Feel NRG, Nathan Bockelman and Eric Svedas, Highways Performance Space, November 13 and 14, 2009
Without an object or installation to fix attention, performance art hinges on the successful transformation of a space and a span of time into something like the experience of art. Using perhaps some props and costumes, but primarily relying on his or her own body, the performer must create a compelling experience distinct from the before, the after, and the outside.
Endurable Goods, an evening of curated performance art at Highways Performance Space, saw several artists attempting, earnestly and laboriously, to achieve such a transformation, but with mostly piteous results. Many of the artists seemed to have a theatrical background, or received some tutelage in that arena, as their pieces utilized elaborate props and costumes along with cringe-inducing monologues or dialogues recited in dead-serious, shabby-Shakespearean tones of voice. This misguided attempt at high theater, necessarily falling short in the DIY context of performance, only spotlighted the hollowness of the work, which lacked rigor and a working critical engagement with contemporary performance.
This unfortunate evening was miraculously saved, however, by one team of performers who, while following the pushy curatorial premise of “Ir/reverence! Abjection! Crucifixion! Oh My!,” managed to also transcend it and kick its ass into the gutter where it belonged. Feel NRG was concocted by Nathan Bockelman and Eric Svedas, both of whom wore unremarkable street clothes and used only a scrappy collection of ordinary objects as props. With infectious energy, the two performers focused on concept, sharp cultural references, and a sense of serious fun to achieve their goal of tongue-in-cheek performative transgression.
Feel NRG was filled with too many great details to fully capture without venturing into tedium. Let’s just say that things began with two boys, two balls, two boxes, and a boxcutter. After unloading their gear into the performance area, each performer bounced a small ball around for a minute before Bockelman called for the house music to cue. Then while Bockelman crouched on the floor and opened the flaps of one empty cardboard box, Svedas taped the boxcutter to a microphone stand and, climbing up on a stool, went to work slicing open another box that had been affixed to the high ceiling above them. After a few tries using the precariously long mike stand, the box above finally opened, unloading dozens of small bouncing balls, which landed in the box below and scattered throughout the performance area.
Svedas donned a long-haired black wig and baby-blue footie pajamas decorated with white clouds, while Bockelman stripped down to his underwear and socks. Svedas spoke into the microphone, which still had the boxcutter protruding dangerously from it, and addressed the evening’s call for transgression. “What’s more transgressive than the smog and pollution in LA? There’s a lot to complain about in LA… what do you do with all those bad vibes? What do you do with all that NRG?!?” He declared that it was time to channel all the negative energy in Los Angeles through Bockelman’s naked chest and into the ground, which they proceeded to do. “That’s a righteous transfer of energy!” they declared, high-fiving each other when it was done.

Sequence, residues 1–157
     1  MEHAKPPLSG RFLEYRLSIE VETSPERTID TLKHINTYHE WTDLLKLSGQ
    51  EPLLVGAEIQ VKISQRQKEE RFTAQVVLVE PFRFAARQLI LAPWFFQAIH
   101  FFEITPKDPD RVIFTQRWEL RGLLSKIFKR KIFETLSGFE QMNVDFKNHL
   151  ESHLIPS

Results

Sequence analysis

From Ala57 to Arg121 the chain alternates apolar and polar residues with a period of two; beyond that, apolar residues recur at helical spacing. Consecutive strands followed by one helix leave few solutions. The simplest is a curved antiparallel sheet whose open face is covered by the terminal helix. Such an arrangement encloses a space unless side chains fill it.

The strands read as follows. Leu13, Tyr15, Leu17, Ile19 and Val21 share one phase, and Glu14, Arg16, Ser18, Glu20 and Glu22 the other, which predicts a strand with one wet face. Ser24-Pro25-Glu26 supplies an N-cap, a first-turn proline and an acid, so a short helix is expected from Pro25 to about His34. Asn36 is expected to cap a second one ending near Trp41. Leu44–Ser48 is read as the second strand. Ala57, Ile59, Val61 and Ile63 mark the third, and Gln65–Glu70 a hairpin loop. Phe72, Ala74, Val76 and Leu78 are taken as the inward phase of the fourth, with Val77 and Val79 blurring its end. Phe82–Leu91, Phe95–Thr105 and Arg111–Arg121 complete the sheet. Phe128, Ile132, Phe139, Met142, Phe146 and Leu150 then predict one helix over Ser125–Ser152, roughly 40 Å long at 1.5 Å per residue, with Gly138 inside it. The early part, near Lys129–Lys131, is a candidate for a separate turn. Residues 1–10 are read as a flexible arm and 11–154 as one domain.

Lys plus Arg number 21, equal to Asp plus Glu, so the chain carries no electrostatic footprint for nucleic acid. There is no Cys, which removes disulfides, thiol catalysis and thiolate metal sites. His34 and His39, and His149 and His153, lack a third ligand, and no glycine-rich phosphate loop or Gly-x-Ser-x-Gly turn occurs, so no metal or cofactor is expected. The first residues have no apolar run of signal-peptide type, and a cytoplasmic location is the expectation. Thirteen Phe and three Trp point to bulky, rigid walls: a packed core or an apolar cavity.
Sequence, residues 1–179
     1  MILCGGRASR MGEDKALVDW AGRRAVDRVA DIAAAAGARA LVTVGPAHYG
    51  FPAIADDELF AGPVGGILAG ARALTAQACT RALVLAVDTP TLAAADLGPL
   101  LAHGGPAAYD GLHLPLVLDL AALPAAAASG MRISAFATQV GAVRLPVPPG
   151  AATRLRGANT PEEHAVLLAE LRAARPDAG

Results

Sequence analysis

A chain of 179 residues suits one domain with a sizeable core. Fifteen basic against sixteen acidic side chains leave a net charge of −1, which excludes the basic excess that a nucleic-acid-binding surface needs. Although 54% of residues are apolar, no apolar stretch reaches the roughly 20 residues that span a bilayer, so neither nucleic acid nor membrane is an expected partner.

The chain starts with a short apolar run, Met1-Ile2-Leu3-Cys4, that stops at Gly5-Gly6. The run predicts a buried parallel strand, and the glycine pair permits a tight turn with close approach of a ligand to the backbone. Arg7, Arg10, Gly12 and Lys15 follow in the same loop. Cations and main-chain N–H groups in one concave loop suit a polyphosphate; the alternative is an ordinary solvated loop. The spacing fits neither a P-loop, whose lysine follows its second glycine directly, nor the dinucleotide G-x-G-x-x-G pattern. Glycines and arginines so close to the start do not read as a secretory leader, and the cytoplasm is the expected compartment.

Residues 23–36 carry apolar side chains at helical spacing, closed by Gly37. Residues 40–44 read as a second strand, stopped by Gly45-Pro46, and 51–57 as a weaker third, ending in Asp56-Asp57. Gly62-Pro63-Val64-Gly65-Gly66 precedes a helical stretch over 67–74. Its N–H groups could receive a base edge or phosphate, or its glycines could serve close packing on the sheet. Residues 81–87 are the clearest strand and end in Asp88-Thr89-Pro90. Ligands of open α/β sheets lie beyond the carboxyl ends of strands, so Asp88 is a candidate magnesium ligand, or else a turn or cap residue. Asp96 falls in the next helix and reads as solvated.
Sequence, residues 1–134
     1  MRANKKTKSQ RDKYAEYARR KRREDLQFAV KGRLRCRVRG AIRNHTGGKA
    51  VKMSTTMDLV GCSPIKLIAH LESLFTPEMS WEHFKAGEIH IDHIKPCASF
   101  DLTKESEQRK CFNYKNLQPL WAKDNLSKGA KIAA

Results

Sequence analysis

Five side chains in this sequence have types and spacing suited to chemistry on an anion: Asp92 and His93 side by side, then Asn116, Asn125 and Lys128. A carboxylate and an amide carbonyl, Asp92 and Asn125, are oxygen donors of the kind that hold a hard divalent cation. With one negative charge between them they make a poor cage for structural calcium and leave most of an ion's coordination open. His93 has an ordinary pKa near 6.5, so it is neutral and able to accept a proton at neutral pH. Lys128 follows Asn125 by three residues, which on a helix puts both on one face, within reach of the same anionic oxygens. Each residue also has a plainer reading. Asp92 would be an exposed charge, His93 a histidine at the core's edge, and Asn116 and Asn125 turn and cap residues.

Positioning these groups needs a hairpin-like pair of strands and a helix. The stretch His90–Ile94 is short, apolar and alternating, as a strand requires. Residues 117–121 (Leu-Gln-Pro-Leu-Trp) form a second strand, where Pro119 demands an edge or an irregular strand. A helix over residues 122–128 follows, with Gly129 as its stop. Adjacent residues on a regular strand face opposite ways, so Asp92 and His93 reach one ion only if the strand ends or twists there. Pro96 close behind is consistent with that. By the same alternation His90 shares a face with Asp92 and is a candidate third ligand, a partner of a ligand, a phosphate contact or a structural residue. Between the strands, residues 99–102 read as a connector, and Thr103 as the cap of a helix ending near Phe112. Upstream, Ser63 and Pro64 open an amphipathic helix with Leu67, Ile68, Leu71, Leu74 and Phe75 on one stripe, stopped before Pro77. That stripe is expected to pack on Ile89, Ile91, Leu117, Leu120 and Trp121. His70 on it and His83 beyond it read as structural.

Next, it was time to find out “what happens when potential meets its limit… you know, what is NRG??” Bockelman plugged in a hot plate and lay down on the floor with the back of his head on top of it. When it became hot enough to “transgress his scalp,” Bockelman got up and Svedas threw an egg—the embodiment of raw potential—on it. The egg proceeded to cook and its burning smell permeated the building for the rest of the evening. “Another righteous transfer!” Bockelman cried, as he high-fived Svedas again.
Wondering aloud if they could deliver enough transgression to make the $20 entrance fee charged by Highways worthwhile, the duo then attempted to channel the NRG of Dirty Rotten Imbeciles, which they played on a ghettoblaster and convincingly sang and danced to. “Are you feeling it??” they cajoled the audience. And everyone was, zipped along into a delightful trance state by these two energetic performers. Bockelman taped two styrofoam blocks to his face and sang into the mike so that the boxcutter plunged into the blocks. Svedas thrashed around in his pajamas. Balls were gathered and thrown around. And after a total of about 15 minutes, this utterly transfixing performance was done.
Any work of art that can casually and interestingly reference terrorists, self-help infomercials, dime-store mystics, college dormitories, and grindcore in one melodious flow is a work of genius in my book. But the most awesome thing about Feel NRG was that it used the trash and comedy of pop culture to poke the hot air out of the transgressive pretensions of this evening, while at the same time paradoxically achieving that same transgression with its own joyous balls, so to speak. The audience felt the real NRG in this performance, and was willing to follow it wherever it was going to go.
All photos courtesy of Nathan Bockelman and Eric Svedas. To watch a video of this performance, go here.